I’ve got dozens of success stories of kids who’ve benefitted from learning – and practicing – the skill of skip counting. My preferred method for both learning and practicing skip counting is singing, using either of two CD’s of skip count songs (see our Math Products/Media menu for more information on obtaining these CD’s).

The skip count songs have a unique set of lyrics and melodies for each number from 2 through 10, with the chorus for each song being counting in multiples of that number.

The power of music is how most of us learned our ABC’s. Many people can hear the first few notes of a song they haven’t heard in years – and the entire song comes back to memory. Singing songs and listening to songs is simply fun for kids – and these skip count songs teach so many things about the field of whole numbers. I’ve got a couple handfuls of success stories about skip count songs that I’ll be posting in future blogs.

Here’s a question that parents sometimes ask us: “Why do you recommend math games like the ones you sell on your website?

First, some background on games – games in general usually are no fun for one of two reasons: you seldom win (it’s too hard) or you win all the time (it’s too easy).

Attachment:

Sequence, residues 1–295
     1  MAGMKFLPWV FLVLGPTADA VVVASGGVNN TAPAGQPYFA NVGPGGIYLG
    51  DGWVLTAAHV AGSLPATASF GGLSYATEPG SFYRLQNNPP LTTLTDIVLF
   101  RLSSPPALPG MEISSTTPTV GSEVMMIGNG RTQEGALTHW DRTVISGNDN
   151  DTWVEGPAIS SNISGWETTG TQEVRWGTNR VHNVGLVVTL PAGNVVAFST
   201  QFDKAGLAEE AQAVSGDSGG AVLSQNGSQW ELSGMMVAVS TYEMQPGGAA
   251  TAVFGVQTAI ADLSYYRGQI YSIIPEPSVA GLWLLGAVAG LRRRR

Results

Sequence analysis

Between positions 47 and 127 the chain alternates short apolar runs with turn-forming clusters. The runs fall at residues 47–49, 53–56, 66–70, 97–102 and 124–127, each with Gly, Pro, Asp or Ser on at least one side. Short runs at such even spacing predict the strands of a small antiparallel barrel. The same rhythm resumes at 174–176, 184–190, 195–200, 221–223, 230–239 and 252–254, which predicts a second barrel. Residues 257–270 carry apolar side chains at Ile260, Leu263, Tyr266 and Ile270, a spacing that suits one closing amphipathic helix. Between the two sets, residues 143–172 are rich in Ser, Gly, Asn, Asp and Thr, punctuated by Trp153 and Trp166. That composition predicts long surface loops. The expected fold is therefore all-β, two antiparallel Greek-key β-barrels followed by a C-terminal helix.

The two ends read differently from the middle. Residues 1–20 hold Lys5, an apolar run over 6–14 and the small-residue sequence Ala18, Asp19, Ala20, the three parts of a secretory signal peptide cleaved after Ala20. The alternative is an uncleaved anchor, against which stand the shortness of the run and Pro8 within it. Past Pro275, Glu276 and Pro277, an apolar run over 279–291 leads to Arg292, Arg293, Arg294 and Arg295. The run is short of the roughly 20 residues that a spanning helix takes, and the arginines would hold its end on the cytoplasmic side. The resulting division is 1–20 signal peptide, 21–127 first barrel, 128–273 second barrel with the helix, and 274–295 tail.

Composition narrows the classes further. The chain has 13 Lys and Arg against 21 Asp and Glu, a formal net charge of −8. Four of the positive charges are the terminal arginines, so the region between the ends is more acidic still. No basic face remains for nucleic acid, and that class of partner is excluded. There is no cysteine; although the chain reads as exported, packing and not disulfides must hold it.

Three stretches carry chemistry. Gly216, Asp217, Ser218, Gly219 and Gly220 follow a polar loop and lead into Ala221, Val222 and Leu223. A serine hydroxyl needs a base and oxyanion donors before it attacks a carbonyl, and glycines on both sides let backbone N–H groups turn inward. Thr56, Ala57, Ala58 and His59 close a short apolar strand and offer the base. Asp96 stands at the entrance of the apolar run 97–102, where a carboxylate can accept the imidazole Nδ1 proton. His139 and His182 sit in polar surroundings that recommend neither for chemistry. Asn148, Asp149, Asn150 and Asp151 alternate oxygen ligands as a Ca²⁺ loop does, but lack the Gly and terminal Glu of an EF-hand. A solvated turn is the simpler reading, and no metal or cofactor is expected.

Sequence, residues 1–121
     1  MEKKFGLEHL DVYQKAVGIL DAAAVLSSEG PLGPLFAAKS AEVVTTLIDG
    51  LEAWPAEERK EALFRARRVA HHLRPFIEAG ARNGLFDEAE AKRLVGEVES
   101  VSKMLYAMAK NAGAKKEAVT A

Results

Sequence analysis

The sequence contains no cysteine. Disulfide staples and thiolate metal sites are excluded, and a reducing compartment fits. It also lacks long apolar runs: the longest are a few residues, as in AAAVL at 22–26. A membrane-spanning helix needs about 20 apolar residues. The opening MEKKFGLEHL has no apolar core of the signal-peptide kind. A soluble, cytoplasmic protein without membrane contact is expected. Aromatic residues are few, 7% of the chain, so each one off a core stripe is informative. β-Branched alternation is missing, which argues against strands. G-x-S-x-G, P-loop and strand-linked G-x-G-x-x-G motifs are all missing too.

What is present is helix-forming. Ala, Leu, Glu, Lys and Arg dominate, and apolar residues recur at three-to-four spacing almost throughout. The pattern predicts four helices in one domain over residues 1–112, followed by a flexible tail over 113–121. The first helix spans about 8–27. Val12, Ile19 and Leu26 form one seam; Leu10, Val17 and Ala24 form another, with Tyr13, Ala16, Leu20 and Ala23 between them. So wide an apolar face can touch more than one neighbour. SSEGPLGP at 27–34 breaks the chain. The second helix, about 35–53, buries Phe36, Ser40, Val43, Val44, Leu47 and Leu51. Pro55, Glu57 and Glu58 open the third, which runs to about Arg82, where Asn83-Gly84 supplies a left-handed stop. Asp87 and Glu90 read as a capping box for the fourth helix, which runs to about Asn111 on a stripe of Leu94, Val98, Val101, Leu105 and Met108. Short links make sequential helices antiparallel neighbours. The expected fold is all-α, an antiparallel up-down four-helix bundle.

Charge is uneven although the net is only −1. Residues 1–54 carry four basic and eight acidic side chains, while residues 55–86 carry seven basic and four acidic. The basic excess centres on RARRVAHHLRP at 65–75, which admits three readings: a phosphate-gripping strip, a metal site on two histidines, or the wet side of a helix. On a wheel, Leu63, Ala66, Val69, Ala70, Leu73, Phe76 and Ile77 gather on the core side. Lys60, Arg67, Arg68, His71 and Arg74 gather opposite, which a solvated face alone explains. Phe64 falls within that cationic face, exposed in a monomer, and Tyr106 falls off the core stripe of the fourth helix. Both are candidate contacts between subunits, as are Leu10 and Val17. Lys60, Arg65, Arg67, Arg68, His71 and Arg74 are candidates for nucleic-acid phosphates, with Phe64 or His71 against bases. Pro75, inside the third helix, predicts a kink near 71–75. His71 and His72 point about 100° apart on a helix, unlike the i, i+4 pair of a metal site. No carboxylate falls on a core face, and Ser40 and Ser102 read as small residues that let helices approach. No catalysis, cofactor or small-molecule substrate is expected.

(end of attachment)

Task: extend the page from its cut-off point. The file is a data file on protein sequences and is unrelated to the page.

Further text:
This dynamic explains a big part of why we carry most of the particular games we offer: almost all our games provide lots of levels for playing the game. Most of our games have several dozen challenge cards that are progressively more difficult. This means that in playing these games, players reach their own level of difficulty – where the player has already met some success in the game up to that point, where the level of the game is challenging without being impossible – but at the same time where the level of the game isn’t so easy as to approach boredom.

For example, the game of Rush Hour has 40 challenge cards – ten setups each for Beginner, Intermediate, Advanced, and Expert. When I play Rush Hour, I can usually do get through all the Beginner challenge cards and most of the Intermediates (so about to card #18 or so). When I get stuck on about card 18 or 19, my two sons (who grew up playing the game) are laughing at me, saying, “Dad, how can you not see what to do next? We can see it.”

The reason my much younger sons could do the game so much better than me is because when kids are young, their brains are still developing. In the case of these types of math games that we carry, these games actually stimulate brain development and other skills like visual discrimination, problem solving, persistence, creativity, and so forth.